How Philadelphia used analytics to win the Super Bowl

After beating New England in the Super Bowl, Philadelphia Eagles head coach Doug Pederson joined the Game Theory and Money podcast to talk analytics. I’ve transcribed his words here, with edits to make it more readable.

First, Pederson in general terms how he views analytics.

Our team has a lot of information and data that pertains to situational football. What’s amazing is that I do a study, and boom, I have 5 to 10 years of data. However much data I want to pull, I can get a relatively quick and accurate answer with some of the data.

And for me, it’s about deciphering what I want to use. What helps us win football games, and what helps us win the Super Bowl, when you’re going against a tremendous opponent in the New England Patriots. What advantages can I have through the numbers, whether it’s 4th downs, two point conversions, or whatever. It might even be on a player.

I can use that information in formulating game plans and making good sound decisions on game day.

The most interesting comment Pederson made was about how a fourth down decision affects win probability, a topic Brian Burke studied long ago.

I think where the numbers and analytics comes in is by field position, by down and distance, and win probability of the success rate of getting that fourth down.

I’m constantly being communicated with. I have a coach upstairs that’s giving me this information real time, game day. Hey coach, if we can get it to 4th and 2, 4th and 3, this is the success rate here in this situation.

Now ultimately, it’s my decision whether to go for it in those situations. But as our numbers have shown, I’ve elected to go for it on 4th down more than most.

The decision to go for it on 4th down isn’t only about analytics either:

Well, people say I’m an aggressive player caller. But there’s a lot of information that’s been studied prior to that decision, and a lot of these decisions are made before the game even starts.

Like the other night in the Super Bowl, I’m faced with that 4th and 1 at the minus 45 yard line. I elected to go for it with 5 minutes to go in the game. That to me was more about trusting your player than any analytic number.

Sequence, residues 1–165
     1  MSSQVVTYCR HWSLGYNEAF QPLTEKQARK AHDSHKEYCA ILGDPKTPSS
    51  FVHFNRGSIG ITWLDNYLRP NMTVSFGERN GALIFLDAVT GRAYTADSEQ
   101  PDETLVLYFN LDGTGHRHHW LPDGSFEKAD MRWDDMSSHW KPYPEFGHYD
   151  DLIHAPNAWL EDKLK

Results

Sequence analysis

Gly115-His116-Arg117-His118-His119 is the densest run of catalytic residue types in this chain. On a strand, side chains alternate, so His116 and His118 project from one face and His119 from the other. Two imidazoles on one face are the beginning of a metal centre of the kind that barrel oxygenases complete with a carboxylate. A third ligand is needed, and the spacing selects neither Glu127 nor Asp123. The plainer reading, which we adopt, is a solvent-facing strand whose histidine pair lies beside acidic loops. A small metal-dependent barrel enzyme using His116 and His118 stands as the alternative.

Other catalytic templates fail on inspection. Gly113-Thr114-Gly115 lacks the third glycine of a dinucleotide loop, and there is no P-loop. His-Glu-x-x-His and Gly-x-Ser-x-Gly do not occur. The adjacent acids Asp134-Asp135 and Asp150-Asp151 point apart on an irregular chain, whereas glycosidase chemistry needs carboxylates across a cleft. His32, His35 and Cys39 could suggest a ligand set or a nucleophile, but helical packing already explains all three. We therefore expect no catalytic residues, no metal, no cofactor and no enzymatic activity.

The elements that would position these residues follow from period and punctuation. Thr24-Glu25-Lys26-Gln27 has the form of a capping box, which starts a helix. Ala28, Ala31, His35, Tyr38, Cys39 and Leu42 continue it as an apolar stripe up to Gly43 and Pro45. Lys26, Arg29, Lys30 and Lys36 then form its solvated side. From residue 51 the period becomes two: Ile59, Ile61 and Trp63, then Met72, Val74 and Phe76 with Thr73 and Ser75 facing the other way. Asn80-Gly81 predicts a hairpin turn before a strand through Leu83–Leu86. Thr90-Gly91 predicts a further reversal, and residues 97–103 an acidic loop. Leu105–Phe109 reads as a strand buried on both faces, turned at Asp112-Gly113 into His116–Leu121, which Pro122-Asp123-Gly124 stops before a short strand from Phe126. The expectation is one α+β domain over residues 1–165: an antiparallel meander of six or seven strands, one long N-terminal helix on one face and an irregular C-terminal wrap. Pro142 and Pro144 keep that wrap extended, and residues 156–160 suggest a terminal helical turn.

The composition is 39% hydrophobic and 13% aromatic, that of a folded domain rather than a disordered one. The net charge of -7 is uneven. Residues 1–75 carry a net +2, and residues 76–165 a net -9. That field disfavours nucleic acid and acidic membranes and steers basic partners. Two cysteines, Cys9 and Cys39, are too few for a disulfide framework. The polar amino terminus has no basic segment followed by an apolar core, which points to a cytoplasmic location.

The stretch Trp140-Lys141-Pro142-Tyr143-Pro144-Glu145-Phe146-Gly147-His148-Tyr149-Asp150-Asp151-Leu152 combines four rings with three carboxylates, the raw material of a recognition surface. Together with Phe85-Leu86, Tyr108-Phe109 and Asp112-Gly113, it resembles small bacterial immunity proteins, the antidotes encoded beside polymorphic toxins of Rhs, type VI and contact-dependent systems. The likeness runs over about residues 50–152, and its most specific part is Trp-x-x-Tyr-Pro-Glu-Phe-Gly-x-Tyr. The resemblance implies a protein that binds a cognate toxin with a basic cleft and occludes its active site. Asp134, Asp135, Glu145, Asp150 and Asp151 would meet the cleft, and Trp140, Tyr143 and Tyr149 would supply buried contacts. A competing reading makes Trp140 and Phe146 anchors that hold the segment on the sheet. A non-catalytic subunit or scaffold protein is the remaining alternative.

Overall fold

Even though it was favorable to go for it, I trusted our guys in that situation, and I think it’s important to have that type of trust with your players.

He’s talking about going for it on 4th and 1 from their 45 yard line with 5:39 to go in the game. The Eagles converted a short pass from Nick Foles to Zach Ertz, and this drive ended with the go ahead touchdown that won the game.

I may be cherry picking the good situations in which analytics have worked out for an underdog like Philadelphia. However, the other big story in football analytics is how Cleveland’s experiment with numbers ended in a 0-16 record this season.

Philadelphia may ride Carson Wentz and numbers to multiple Super Bowl titles. Or Doug Pederson might get fired after the 2019 season. Either way, it’s important to take this snapshot of analytics at the end of the 2017 season.

You can listen to the full interview with Doug Pederson from 23:18 to 33:25 of this episode of Game Theory and Money.

Comments

  1. Carl Bruun says:

    Excellent article. I’ve been saying for years that teams should hire mathematical experts to assess and implement the most successful strategies for a given play, thereby eliminating the guesswork and hunches involved in those plays. NFL and collegiate coaches are conservative to a fault, and teams like the Eagles using enlightened analysis are ahead of the curve.

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